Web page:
If they are a scowling teenager with black eye make-up and a razor sharp tongue, they’ll probably put a dampener on the atmosphere. A jolly sort of fellow with a lopsided smile is likely to make everything feel more whimsical and light hearted.
Of course we wouldn’t want to draw these sorts of caricatures for our main characters—but they do work well for peripheral characters injecting particular scenes with a particular atmosphere.
If you want to make a train journey more uncomfortable for your main character then putting them next to eight foot tall Mr Universe, with his manspreading and bulging everywhere, will work a treat. His contribution to the physical discomfort will only exacerbate whatever else is making your character out of sorts that day.
TOP TIP: think about people you know when you’re deciding which characters are needed in a scene to create your atmosphere. Think about their mannerisms, physical features, body language, tone of voice and the energy they give out.
How does Uncle Mike always manage to turn even the liveliest party into a complete snooze fest?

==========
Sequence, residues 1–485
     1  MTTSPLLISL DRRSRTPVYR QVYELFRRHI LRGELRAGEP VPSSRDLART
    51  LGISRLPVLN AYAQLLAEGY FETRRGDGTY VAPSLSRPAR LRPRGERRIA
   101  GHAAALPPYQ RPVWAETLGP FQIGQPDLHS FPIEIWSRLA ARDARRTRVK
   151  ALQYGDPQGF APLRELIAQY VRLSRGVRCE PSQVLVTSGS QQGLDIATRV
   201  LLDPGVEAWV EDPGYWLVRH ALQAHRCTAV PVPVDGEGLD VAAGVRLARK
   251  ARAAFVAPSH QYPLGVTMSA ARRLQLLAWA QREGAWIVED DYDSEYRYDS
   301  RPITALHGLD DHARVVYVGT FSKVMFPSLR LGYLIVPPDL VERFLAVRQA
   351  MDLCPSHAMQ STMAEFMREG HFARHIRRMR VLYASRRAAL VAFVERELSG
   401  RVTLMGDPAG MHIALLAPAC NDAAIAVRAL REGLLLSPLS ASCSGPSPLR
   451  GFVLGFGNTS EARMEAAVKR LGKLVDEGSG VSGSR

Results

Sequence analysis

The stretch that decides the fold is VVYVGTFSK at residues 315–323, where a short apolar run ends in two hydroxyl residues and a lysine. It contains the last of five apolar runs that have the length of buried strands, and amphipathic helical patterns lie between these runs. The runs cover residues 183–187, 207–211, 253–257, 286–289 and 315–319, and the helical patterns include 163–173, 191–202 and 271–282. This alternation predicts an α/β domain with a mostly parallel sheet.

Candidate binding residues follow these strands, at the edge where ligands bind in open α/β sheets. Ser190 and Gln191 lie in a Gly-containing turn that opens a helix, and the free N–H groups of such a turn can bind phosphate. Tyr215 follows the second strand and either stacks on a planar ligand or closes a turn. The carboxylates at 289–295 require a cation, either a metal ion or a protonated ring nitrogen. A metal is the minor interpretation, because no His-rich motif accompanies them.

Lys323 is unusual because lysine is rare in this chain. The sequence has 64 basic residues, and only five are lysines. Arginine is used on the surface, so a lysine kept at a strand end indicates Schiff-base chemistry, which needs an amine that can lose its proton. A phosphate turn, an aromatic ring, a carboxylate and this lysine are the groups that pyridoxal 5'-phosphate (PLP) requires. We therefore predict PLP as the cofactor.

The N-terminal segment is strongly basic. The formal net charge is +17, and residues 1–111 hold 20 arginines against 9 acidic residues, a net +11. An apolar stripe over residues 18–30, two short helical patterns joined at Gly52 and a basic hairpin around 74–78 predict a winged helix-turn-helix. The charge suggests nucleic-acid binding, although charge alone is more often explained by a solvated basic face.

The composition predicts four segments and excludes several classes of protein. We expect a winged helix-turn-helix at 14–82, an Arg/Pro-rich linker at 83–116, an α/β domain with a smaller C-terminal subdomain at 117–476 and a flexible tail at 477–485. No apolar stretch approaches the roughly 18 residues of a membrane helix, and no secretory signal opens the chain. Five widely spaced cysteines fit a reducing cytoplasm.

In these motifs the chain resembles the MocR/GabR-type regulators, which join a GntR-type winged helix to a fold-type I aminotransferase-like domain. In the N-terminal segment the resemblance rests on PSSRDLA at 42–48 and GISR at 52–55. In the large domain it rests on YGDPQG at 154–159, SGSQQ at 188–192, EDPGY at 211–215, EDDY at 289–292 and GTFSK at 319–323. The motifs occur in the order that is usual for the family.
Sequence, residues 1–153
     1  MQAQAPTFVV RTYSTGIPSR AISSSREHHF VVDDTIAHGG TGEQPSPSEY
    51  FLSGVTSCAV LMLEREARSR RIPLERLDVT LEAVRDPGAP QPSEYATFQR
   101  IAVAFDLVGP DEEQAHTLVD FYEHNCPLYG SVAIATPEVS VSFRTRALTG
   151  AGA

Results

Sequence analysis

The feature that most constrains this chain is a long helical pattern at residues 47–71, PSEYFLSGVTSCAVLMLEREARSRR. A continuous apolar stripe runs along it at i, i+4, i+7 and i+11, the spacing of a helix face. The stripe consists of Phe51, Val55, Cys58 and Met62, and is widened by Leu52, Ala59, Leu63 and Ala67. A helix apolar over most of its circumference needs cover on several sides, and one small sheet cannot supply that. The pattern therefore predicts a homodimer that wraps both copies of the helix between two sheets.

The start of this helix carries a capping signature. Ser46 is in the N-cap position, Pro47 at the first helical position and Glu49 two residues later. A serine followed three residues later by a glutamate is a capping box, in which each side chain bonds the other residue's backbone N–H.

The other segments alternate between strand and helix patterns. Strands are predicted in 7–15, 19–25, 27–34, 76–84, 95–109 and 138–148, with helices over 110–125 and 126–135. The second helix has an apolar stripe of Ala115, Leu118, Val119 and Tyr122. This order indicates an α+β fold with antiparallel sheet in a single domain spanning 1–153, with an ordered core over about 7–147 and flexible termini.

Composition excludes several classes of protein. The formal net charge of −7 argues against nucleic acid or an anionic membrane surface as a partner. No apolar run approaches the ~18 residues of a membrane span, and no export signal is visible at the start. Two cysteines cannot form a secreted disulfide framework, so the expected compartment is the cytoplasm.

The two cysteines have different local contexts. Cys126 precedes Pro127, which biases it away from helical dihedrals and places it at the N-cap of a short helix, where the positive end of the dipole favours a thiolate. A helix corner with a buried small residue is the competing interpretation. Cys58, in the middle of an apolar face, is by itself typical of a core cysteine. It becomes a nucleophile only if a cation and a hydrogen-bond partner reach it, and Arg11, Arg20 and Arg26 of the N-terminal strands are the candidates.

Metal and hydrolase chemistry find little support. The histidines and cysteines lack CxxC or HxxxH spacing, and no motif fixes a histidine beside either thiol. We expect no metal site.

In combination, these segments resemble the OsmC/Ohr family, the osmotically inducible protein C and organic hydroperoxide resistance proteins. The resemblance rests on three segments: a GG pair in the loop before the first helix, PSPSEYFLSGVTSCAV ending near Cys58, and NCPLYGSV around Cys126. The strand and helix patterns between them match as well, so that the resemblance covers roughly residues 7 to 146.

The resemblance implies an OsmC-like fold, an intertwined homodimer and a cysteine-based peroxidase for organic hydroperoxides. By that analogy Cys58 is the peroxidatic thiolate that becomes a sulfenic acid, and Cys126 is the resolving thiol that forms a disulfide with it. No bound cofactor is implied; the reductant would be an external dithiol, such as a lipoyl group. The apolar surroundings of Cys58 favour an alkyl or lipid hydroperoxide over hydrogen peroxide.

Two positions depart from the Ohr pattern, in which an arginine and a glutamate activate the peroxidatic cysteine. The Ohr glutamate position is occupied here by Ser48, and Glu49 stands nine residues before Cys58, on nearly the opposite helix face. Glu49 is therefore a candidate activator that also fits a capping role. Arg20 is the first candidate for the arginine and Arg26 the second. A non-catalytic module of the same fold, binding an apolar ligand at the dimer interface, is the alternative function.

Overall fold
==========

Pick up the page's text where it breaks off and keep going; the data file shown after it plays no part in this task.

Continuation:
How does Brenda at the office always seem to manage to make everyone smile?
Why do you feel relaxed at Alex’s house but nervous and on edge at Dave’s house?
Why do you always feel totally safe when Grandad is in the room?
If you can put your finger on the answers to these questions then you’ll be well on your way to being able to write characters who contribute to a convincing atmosphere.
Reactions and overreactions
Of course it’s not just the temperament of your characters that can create an atmosphere. How they react to things can also contribute. Being able to write convincing emotional reactions to certain situations is a valuable skill.
For a scene to appear to be genuinely scary your characters must react in a way that convinces the reader they are scared.
You MUST NOT write ‘He felt scared/angry/sad/depressed.’ Ever. Just don’t do it.
In one story I wrote I wanted to show that a character was angry and trying not to show it so I wrote that she pressed her tongue hard against the roof of her mouth. Simple yet effective.
In order to be able to do this we must spend some time studying other humans. To an extent we can draw on our own experiences—we all have emotions after all—but that will only get us so far.
Every human reacts differently to situations. It’s important to have characters react in equally different (yet plausible) ways. If you don’t have differing reactions to things then you only have one character in your book.
So study people. Watch them in different situations. Try to work out what emotions they’re feeling.
What are the physical signs of that emotion?
What verbal tics commonly occur in people experiencing certain emotions?